The effects of these actions however, is possibly more detrimental than any other factor associated with these restrictions. As stated by Supreme Court Justice William Douglas “Restriction of free thought and free speech is the most dangerous of all subversions. It is the one un-American act that could most easily defeat us”. Much of the banned content of these novels, for example, is extremely common in everyday life. Profanity, sexual content, religious intoleration, racial slurs, drug use, violence, homosexual activity are all cited as common reasons to restrict books in the public secondary school system. I however, would argue that once the individual reaches the secondary school level that it would be important for them to be exposed to these ideas if they had not prior, before entering into an environment that will not prevent them from exposure to these things. Especially more frightening is the lack of importance or even recognition of this issue that most teens in the nation seem to have in regard to this watered down version of their education.

    As for what can be done to resolve this national issue, some might wonder the most prevalent method would be thought for change. This coupled with a greater thirst for knowledge and exploration into the daily news and literature of the past would be the most successful method. If you want more information on the fight of censorship, feel free to visit here.

While every second hand piece of information is censored in some way it is the conscious decision to restrict the information being given to the future generations is the most unsettling part of this issue. Despite this truth, each individual can overcome the issues of censorship independently, if not within a classroom setting.

Fight Poster-

Black band picture- Source

3 Comments leave one →
  1. October 8, 2012 8:27 am

    Your blog was very insightful and most definitely interesting. I enjoyed your use of everyday examples in order to prove your point as well. Your writing pointed out many great points starting with the cencorship rules from a young age. I completely agree and believe that the way students are raised withing the public school system in America is sheltering them from the realities of the real world. The different Time magazines were shocking though. Although I have always known that cencorship was real, I never thought about something such as a magazine being completely altered for US use. My favorite part of your blog was that it raised many questions dealing with the difference of American cencorship vs. cencorship in other countries.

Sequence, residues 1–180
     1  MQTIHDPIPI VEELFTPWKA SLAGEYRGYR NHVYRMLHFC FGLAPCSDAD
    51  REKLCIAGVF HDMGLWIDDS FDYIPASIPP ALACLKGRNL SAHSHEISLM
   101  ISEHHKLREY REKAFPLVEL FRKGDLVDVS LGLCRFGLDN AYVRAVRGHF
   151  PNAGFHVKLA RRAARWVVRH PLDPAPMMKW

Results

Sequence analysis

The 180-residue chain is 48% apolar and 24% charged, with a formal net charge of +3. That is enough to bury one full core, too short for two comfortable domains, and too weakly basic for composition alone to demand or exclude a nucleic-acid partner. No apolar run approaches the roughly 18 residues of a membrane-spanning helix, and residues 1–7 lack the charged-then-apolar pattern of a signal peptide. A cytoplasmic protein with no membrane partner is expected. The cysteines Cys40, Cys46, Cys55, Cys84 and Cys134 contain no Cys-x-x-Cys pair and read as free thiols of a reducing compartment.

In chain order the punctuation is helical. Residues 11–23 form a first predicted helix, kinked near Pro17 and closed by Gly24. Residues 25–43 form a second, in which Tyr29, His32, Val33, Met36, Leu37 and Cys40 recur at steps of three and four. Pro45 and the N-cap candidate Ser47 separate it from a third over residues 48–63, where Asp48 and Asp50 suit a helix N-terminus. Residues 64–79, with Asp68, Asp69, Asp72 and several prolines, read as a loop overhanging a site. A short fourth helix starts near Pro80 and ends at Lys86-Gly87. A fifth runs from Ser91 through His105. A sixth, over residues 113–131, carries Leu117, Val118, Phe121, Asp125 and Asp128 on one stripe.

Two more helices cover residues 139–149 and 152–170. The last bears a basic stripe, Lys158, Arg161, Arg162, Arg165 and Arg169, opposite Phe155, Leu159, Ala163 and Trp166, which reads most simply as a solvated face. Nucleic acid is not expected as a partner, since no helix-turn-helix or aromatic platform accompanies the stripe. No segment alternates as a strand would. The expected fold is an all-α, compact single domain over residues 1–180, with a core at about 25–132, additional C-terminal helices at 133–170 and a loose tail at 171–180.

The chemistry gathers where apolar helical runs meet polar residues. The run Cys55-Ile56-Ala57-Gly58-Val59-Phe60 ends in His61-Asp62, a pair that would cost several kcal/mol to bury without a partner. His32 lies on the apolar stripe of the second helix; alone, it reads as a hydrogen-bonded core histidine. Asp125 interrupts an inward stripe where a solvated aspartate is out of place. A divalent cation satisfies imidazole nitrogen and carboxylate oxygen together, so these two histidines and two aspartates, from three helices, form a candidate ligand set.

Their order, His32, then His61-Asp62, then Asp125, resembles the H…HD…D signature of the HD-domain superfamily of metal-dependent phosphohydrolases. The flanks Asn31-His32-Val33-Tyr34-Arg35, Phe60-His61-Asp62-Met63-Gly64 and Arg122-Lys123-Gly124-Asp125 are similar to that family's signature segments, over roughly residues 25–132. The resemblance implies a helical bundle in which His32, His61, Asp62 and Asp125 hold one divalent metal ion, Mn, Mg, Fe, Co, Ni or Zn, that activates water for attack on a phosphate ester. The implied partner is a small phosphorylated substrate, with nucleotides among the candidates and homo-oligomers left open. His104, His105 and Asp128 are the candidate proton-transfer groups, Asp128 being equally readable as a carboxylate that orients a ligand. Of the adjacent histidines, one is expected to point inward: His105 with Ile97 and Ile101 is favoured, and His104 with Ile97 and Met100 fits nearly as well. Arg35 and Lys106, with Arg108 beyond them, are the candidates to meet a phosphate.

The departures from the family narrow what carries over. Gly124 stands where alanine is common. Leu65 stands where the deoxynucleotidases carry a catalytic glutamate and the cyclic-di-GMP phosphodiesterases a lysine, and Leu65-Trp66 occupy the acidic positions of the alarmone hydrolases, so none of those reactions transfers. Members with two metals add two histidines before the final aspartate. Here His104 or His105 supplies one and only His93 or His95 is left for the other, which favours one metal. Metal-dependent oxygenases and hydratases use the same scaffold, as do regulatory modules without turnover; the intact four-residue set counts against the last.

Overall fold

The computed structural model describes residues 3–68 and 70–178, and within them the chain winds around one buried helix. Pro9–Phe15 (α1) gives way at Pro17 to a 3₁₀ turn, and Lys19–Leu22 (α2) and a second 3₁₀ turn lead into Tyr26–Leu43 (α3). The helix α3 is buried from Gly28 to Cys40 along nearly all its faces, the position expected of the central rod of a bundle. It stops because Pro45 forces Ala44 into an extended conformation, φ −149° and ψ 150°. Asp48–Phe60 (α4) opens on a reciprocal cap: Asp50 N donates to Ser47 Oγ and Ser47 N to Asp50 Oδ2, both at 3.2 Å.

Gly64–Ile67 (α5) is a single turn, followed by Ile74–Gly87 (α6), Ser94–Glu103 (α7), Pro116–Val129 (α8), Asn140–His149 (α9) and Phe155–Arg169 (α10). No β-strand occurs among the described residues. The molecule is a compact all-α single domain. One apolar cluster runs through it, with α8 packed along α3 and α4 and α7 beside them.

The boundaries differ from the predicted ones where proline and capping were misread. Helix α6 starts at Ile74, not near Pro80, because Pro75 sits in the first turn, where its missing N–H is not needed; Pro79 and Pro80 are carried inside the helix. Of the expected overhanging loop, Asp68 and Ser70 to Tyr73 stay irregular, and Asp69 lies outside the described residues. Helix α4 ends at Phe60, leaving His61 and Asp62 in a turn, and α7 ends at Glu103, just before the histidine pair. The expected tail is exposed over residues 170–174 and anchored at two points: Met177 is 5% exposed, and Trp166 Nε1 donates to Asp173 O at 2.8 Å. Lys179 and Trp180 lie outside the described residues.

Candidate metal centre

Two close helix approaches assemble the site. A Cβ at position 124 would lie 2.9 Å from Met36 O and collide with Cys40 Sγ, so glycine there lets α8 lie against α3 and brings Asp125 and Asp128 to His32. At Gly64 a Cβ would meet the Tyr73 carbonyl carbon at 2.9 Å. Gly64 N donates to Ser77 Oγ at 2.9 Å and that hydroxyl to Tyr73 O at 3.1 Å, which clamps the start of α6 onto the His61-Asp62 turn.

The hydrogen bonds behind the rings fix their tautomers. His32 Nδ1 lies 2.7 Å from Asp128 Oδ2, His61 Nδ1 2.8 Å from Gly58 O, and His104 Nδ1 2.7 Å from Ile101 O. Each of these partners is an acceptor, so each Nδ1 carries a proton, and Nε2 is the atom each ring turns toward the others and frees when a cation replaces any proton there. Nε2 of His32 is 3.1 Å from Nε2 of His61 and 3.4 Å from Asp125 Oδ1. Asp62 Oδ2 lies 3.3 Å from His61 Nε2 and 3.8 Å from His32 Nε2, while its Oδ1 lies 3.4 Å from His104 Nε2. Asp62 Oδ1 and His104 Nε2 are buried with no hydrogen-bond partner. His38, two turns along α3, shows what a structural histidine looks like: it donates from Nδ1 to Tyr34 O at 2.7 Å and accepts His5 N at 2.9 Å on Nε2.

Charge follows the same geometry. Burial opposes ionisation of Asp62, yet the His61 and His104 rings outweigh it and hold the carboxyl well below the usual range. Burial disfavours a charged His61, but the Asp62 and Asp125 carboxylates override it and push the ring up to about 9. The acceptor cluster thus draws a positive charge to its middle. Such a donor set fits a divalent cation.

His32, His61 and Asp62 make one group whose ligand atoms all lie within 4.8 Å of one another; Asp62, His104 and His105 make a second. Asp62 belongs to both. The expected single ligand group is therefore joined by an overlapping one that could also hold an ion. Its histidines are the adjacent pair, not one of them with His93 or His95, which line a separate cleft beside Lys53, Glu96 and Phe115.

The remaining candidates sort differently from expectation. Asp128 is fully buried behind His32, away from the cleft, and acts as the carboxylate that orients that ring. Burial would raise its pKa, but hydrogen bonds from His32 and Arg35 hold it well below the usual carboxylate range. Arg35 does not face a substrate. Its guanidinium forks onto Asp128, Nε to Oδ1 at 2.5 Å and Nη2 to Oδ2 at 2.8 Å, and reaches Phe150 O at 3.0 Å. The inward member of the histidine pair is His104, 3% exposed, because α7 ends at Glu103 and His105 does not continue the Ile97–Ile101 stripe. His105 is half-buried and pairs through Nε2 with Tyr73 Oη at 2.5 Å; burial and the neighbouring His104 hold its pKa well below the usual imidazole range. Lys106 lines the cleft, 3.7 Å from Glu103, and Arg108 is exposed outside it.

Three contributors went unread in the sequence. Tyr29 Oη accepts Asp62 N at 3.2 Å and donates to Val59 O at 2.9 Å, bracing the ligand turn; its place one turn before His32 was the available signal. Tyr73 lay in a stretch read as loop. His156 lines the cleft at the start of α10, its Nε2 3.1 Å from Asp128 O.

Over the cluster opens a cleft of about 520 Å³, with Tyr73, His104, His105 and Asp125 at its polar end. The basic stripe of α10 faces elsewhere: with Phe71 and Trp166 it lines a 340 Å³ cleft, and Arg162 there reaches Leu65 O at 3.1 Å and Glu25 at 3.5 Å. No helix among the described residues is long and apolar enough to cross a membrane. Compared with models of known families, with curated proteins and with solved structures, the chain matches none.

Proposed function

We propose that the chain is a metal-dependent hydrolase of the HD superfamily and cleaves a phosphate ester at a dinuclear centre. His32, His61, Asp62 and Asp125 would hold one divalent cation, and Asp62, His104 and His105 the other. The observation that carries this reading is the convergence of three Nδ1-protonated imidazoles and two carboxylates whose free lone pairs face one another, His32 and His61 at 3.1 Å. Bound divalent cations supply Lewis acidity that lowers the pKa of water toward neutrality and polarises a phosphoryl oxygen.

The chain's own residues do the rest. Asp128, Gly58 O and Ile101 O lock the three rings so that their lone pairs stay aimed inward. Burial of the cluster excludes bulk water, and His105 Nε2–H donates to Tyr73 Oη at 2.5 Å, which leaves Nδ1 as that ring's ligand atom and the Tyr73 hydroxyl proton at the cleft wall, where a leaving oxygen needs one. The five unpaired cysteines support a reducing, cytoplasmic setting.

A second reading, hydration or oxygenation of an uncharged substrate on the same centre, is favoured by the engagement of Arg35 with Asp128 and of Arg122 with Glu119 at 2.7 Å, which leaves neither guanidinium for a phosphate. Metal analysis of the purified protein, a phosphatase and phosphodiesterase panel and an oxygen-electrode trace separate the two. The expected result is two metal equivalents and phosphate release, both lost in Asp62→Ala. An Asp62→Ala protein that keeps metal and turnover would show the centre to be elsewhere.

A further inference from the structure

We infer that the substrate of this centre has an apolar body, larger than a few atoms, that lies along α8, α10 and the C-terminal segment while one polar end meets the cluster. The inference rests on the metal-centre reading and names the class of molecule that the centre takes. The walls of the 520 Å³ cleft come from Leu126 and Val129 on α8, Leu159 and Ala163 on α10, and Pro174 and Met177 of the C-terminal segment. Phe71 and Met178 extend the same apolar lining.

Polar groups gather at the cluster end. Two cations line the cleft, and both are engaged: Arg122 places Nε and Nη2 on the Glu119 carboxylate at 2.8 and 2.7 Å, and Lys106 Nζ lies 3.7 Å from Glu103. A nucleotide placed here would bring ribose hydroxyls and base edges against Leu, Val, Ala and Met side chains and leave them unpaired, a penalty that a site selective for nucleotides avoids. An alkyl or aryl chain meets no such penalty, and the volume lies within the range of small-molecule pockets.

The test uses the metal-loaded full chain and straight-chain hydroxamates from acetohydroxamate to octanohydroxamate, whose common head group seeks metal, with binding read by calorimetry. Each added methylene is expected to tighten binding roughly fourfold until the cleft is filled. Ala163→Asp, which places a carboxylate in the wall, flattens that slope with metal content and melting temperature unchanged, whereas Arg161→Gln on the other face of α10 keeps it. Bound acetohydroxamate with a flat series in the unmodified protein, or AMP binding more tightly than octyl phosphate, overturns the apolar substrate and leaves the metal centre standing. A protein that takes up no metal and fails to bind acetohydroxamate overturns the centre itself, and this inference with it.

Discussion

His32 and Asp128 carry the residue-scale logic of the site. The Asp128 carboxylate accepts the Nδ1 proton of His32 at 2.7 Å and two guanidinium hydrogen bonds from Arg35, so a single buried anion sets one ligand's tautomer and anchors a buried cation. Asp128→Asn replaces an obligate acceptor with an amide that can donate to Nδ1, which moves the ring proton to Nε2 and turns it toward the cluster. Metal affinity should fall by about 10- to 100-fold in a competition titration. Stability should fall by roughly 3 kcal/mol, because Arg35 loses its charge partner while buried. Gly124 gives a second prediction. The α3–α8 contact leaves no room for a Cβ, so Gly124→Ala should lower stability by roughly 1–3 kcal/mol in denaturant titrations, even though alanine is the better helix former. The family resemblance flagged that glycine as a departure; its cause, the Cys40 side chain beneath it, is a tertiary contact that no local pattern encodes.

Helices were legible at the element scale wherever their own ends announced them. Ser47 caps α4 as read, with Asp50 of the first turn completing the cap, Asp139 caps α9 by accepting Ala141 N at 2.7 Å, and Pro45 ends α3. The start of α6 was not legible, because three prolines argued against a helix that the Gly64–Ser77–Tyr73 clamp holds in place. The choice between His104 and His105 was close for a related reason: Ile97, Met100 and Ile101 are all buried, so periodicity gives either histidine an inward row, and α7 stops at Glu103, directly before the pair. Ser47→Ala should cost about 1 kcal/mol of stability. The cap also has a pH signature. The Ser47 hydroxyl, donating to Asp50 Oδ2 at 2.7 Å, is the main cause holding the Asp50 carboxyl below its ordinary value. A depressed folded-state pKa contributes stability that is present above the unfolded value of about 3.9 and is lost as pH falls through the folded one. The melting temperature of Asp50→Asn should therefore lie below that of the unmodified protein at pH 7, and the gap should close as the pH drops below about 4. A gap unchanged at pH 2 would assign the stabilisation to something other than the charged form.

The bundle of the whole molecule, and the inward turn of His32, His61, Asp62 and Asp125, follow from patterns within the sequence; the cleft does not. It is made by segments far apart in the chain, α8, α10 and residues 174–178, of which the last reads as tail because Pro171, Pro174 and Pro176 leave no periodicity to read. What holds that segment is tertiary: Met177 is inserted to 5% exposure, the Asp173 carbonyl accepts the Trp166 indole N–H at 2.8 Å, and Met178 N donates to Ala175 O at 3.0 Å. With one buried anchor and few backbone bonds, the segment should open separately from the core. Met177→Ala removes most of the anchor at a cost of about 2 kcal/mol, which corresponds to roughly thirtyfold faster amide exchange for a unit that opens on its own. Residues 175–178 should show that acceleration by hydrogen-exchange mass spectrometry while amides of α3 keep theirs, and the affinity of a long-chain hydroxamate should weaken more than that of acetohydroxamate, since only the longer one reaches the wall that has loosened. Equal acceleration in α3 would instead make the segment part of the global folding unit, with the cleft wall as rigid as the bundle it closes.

2. October 8, 2012 8:31 am

    I know first hand what it is like to have censorship at school and being restricted completely. While I do think dress codes should be put in place, I don’t agree with other ways the school system restricts high schoolers especially. While school is suppose to help open our minds to new theories and ways of thinking, they often confine us to things they want us to blieve in. Simple things such as informational websites are blocked from usage at school. Teens especially are at vital point in learning how to formulate our own opinions, but schools hinder us in so many ways.

  3. aarondwashere permalink
    October 8, 2012 9:00 am

    I really liked your blog because it made a lot of true points and brought up how censorship is indeed in our every day lives. The most important ideas in your blog, are those about how censorship can actually restrict learning. For example, the point you made about not teaching evolution in a science classroom for fear of offending students is a real issue. The idea in and of itself is ridiculous. Science class should undoubtably teach about evolution beacuse that is the most supported and backed up theory that we have about our existence. The idea that we shouldn’t teach a supported scientific theory to our students because it may contradict “creationist” beliefs that are not and cannot be proven, is foolish and wrong. I also agree that by banning certain books and viewpoints in school, it actually prevents learning and doesn’t expose srudents to real life. I believe this is a real issue in America today and really needs to be looked at more closely.